Connected Hardware Eats Unicorns for Breakfast

I recently had the great pleasure to speak at Interaction 17 in NYC – the amazing annual IxDA conference. I gave a spark talk – an 8 minute talk to a large audience – on the subject of designing for connected hardware. It was a fantastic opportunity and learning experience. I was absolutely honored to give something back to a community and a conference that has inspired, supported, and educated me consistently for almost 10 years. Here is a transcript of the first half of my talk, full transcript available on Medium

 

Hi, my name is Sarah. But enough about me, let’s talk about…

YOU. I know you — you are designers! Not just UX designers or UI designers, capital D designers. Not just designers either, you are makers, you are innovators. You can research, UXify, beautify, code and deploy. Your beautiful websites and apps crush their KPIs and eat them for breakfast.

You are that rarest and most magical of mythical creatures… you are unicorns. (Too 2014? Don’t worry, I’m totally going to double down on this.)

And now the world of software-empowered, connected hardware is beckoning. It’s the unsolved future — a vast frontier of possibility: rich and meaty problems waiting for awesome design solutions. And you unicorns are ready gallop to the rescue, right?

Maybe!

Let’s go on a little adventure together to see how the hardware context changes things.

In our adventure, your friends have recruited you to join their startup. High on Kickstarter success, the iWarm knows to warm your towel for you when you start the shower, it makes your sock toasty just before you wake up on cold mornings. The softer side of smart, it’s intelligent, safe, and full of potential!

You join the team and get ready to dive right in.

The first thing you discover is that You can’t do it all. The iWarm doesn’t only need an app, It needs industrial design to give it shape, mechanical and electrical engineering to give it function, firmware development to make it smart, and compliance with regulations to make it safe.

In fact, your product will live or die by these coming together flawlessly, because Quality is King. If your software works, but the hardware doesn’t, you do not have a product. Your app may be gorgeous, innovative, and ever-so-appropriately sprinkled with delightful microinteractions, but if the iWarm surprises your users with cold socks, you’re in trouble.

Trust is built slowly and lost quickly. Even if it works dependably for months, if you break trust like this even just a couple of times, your app rating and Amazon reviews will drop all the way down to one star, and the iWarm will end up in the junk drawer or the retail return bin.

A complication on your path to quality is the fact that Iteration in Hardware is Hard. Revving the hardware gets more and more expensive the farther along in the process you get, and every time you iterate the software and product behavior you have to coordinate not only app and cloud releases but also changes to the firmware — the software that’s running on the circuit boards.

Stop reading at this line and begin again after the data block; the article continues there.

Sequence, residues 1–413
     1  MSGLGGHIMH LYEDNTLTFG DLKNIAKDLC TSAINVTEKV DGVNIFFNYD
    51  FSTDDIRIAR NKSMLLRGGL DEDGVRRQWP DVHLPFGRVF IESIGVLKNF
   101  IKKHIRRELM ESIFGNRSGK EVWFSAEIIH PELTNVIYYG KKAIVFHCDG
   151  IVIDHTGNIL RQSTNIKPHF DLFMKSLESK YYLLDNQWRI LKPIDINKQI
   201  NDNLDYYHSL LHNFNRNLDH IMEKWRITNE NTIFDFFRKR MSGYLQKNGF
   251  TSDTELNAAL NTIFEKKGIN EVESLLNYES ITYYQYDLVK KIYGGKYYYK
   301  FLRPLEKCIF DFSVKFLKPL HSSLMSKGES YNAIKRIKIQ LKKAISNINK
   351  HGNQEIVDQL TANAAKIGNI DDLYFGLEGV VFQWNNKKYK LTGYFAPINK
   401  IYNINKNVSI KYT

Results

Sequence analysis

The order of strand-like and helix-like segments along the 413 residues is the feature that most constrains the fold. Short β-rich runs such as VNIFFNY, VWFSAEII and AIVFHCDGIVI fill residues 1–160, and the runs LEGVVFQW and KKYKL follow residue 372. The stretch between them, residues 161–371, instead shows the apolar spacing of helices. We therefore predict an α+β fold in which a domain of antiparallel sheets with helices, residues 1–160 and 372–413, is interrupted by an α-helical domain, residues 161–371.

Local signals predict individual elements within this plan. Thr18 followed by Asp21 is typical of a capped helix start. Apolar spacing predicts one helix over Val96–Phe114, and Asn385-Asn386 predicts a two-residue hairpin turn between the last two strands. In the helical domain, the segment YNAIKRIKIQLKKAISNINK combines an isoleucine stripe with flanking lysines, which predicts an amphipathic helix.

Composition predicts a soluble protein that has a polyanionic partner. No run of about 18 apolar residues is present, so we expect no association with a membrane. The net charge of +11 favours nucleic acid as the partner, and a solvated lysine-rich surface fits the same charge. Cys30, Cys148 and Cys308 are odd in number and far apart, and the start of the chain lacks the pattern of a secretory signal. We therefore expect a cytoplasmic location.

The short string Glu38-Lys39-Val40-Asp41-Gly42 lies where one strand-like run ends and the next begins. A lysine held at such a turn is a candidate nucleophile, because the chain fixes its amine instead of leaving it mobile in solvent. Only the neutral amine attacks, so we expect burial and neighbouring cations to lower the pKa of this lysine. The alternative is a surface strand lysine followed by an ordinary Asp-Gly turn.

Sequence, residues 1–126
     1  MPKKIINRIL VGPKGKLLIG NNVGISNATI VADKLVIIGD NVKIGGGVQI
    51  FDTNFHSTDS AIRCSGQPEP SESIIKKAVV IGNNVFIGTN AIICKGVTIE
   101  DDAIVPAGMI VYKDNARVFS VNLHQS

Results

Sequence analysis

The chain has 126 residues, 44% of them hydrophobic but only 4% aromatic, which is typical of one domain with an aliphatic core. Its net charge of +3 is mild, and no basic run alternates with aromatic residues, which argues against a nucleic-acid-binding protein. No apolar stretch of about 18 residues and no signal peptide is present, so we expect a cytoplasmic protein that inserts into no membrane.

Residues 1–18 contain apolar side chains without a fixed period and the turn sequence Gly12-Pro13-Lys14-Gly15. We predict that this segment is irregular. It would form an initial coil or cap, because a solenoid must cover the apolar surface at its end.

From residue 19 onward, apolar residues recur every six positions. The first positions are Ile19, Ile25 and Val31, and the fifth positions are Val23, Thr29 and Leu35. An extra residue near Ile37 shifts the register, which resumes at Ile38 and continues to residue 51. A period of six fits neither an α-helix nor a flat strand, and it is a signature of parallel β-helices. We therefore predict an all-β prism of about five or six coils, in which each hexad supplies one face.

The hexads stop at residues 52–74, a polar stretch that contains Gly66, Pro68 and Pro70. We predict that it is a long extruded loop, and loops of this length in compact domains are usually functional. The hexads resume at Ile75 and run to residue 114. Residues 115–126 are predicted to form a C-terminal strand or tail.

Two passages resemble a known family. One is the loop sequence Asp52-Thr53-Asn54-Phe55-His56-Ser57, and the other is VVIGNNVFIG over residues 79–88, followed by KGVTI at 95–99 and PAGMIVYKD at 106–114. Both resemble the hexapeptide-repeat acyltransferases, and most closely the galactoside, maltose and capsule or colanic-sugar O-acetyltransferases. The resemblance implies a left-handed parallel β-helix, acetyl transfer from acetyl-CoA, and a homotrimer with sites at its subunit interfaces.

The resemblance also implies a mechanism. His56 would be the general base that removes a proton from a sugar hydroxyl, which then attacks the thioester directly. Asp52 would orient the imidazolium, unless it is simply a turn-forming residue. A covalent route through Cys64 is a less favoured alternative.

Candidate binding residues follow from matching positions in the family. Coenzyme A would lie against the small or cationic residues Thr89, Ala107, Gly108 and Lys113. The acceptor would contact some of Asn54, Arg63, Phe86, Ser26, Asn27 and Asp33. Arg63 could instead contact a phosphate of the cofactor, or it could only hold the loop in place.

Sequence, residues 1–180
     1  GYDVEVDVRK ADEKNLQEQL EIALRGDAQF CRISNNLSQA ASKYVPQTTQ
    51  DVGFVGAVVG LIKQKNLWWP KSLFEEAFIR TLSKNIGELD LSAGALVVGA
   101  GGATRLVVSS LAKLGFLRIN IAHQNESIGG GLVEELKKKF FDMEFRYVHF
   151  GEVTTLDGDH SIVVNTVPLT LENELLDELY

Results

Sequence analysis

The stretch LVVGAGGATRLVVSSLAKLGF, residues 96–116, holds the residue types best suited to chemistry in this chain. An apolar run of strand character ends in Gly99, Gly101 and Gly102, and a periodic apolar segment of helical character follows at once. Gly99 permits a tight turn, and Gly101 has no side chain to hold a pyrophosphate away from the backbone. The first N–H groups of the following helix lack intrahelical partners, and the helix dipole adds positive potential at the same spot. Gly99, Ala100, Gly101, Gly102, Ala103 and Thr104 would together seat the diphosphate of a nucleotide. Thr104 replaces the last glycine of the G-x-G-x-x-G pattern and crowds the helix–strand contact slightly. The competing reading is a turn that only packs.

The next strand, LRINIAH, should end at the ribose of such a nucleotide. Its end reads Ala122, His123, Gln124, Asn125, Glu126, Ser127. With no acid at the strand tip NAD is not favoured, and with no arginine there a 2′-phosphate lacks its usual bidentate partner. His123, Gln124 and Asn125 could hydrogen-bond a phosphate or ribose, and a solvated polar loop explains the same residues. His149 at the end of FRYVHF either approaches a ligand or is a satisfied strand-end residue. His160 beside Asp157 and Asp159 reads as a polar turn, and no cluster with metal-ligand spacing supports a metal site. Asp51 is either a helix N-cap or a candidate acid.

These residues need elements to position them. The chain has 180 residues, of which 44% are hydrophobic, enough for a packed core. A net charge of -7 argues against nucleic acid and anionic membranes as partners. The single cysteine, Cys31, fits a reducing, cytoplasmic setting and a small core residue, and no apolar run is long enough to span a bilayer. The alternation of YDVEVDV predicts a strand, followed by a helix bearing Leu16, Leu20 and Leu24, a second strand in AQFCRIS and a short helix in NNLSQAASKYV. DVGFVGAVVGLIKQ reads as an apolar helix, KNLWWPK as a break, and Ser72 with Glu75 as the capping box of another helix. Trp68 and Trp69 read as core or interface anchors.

What about after you’ve shipped, and the iWarm is in people’s homes? You’ve gotten lots of data and feedback from your users, and you’ve made some high impact changes, including to the setup flow. But how do you get these changes onto all those device out there, let alone before someone sets it up?

Upgrading is a Design Challenge. Very few users delight over the term “firmware upgrade.” (although there are a few, and we will get to them in a second.) The upgrade process for the iWarm firmware has to be explicitly designed — not just how to introduce people to changes, but how to actually deliver them in the first place.

If you’ve ever agonized over a group of users who haven’t updated to the latest version of your app, this is like that times pi. Because not only do you have to worry about versions of the app, but also hardware, firmware, and potentially packaging. (Also, pie is yummy, and yay science.)

You’re In an Echo Chamber I know you Unicorns love engaging directly with your users, and iWarm’s successful kickstarter campaign has granted you direct access to a highly engaged group of people who communicate with you, give you feedback, suggest features, participate in testing. But there’s a hidden danger here, because you, your entire product team, and these early adopters are all only on one side of the chasm.

This is the gap between you and actual commercial success. You don’t want to alienate this passionate and rabid review-writing base of early customers, but listening too closely can actually drive you away from the users you need for success.

That larger customer base that you need to reach — the Target, Amazon, Best Buy shoppers, are virtually silent. Far from needing complicated, advanced features, they need to understand what you are, and how you can make their lives better.

You don’t want to share the fate of many smart hardware products that get lost in what I call the imagination gap. Most people can imagine only one very specific use case that applies to them, while others get fixated on the idea of a fully-intelligent Jetsons house of the future, but few people can picture much of anything in the space between.

Ugh, that’s a lot of challenges. So what can you do? I have good news! You guys know what the unicorn’s special weapon is, right?

Full Transcript

And my rainbow-infused, unicorn-tastic supporting slides are on slideshare.

 

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